Having diabetes means you have too much sugar—called glucose—in your blood. If untreated, diabetes can harm the body, particularly the heart and vascular system. In fact, people with diabetes are two-to-four times more likely to have heart disease or suffer a stroke than those who don’t have the disease. Experts say this risk is even greater for women with diabetes.
Diabetes can lead to heart attacks, strokes, kidney disease, blindness, dental disease, amputations, and other serious health problems. And the longer you have high levels of blood glucose traveling around your body, the more likely you are to have problems.
If you have diabetes, the best thing you can do is learn about how to manage your condition and prevent problems.
Diabetes develops when the body either:
Insulin is a hormone that is usually made in the pancreas. It helps your body use the sugars that are in the foods we eat. Glucose gives your body energy, and insulin helps carry glucose to your cells.
If the body doesn’t make or use insulin well, glucose builds up in the blood instead of being absorbed by cells in the body. The body’s cells are then starved of energy, despite high blood glucose levels.
Diabetes affects a lot of people. Nearly 30 million Americans are living with diabetes, yet about 1 in 4 don’t know they have it. A recent study estimates nearly half of U.S. adults have diabetes or prediabetes, a condition when blood sugar is elevated but is not yet high enough to be classified as diabetes.
There are three types of diabetes:
There is also growing concern over prediabetes. People with prediabetes are more likely to develop type 2 diabetes, as well as heart disease and stroke. The good news is that you can take steps to prevent or delay the onset of full-blown diabetes. Some studies find that losing weight—just 5-to-10% of your starting weight—can delay or even reverse prediabetes.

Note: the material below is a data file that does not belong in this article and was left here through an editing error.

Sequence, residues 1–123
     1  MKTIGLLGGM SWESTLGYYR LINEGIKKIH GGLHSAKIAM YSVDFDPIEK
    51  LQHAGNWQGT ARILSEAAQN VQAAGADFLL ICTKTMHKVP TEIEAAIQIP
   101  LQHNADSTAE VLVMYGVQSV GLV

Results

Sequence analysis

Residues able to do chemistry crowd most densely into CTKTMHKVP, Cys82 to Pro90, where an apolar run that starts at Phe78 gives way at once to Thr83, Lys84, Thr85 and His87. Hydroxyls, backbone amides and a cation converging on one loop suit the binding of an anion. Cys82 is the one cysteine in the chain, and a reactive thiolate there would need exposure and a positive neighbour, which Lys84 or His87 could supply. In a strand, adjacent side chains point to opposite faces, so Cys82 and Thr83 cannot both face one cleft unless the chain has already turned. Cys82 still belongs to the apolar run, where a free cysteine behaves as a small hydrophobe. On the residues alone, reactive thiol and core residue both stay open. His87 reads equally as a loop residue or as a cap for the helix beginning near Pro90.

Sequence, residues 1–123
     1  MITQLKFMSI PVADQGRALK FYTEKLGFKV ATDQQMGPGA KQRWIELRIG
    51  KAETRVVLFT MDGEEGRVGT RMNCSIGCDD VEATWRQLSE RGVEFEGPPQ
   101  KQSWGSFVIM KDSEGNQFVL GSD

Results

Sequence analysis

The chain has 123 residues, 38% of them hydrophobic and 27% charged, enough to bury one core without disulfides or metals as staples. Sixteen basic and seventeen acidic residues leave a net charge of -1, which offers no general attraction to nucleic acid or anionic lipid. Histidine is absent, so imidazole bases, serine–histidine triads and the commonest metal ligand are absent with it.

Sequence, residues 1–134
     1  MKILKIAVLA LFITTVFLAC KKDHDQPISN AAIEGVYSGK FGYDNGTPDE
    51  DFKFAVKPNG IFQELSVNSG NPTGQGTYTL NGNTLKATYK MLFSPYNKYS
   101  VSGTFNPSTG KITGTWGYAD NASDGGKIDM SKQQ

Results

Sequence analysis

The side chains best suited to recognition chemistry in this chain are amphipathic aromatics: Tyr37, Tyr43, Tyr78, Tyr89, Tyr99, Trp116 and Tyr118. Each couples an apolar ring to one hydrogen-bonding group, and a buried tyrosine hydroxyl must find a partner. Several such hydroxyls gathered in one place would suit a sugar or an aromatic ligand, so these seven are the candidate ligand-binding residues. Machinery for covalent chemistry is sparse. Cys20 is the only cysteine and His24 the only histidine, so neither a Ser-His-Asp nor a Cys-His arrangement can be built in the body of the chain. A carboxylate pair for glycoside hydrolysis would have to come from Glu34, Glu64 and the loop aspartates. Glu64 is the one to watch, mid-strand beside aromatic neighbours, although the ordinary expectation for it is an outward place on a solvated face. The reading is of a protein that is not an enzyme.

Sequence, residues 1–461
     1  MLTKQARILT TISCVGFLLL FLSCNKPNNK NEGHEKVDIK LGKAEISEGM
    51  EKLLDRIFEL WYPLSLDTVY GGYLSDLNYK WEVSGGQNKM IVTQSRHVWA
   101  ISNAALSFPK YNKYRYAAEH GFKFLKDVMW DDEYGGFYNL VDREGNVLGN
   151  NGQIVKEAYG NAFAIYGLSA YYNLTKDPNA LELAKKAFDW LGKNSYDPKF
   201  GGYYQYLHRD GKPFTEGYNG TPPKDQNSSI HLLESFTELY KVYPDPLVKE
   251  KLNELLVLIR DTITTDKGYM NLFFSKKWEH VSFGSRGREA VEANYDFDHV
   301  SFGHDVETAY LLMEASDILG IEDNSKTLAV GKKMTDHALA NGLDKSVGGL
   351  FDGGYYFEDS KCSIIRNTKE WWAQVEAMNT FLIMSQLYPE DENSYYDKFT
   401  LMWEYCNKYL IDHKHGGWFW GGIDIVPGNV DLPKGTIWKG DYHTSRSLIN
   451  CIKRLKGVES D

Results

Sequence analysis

Diabetes is a lifelong condition that needs to be managed to stay healthy. Over time, too much glucose in the blood can cause serious problems including:
Am I at risk?
There are a number of things that can make someone more likely to develop type 2 diabetes. For example:
Type 2 diabetes is also more common among certain ethnic/racial groups including African Americans, Latinos, Native Americans, and Asian Americans/Pacific Islanders.
It’s important to talk with your doctor about all of your personal risk factors.
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What are the signs and symptoms?
According to the American Diabetes Association, about 7 million people in the U.S. have undiagnosed diabetes; but symptoms are often present. Still, some people have no signs.
Common signs and symptoms include:
How it’s diagnosed
Diabetes is diagnosed by taking a detailed medical history, including a report of symptoms, and blood tests that measure the amount of glucose in the blood or how your body handles it.
There are several types of blood tests to check your sugar level:
There are a number of things you can do to help manage your diabetes and live a healthier life. It’s very important to take steps that will help you to keep your blood sugar level low. This is most often achieved through a combination of:
Diabetes treatments aim to:
The American Diabetes Association has set the following blood glucose targets for people with diabetes. Your health care team will work with you to set your personal blood glucose goals and map out a course of treatment that’s best for you.
70 to 130 mg/dL
1 to 2 Hours After the Start of a Meal:
Less than 180 mg/dL
HbA1c/A1c is also used to give an average blood glucose level over the past three months. Target A1c for people with diabetes should be less than 7%.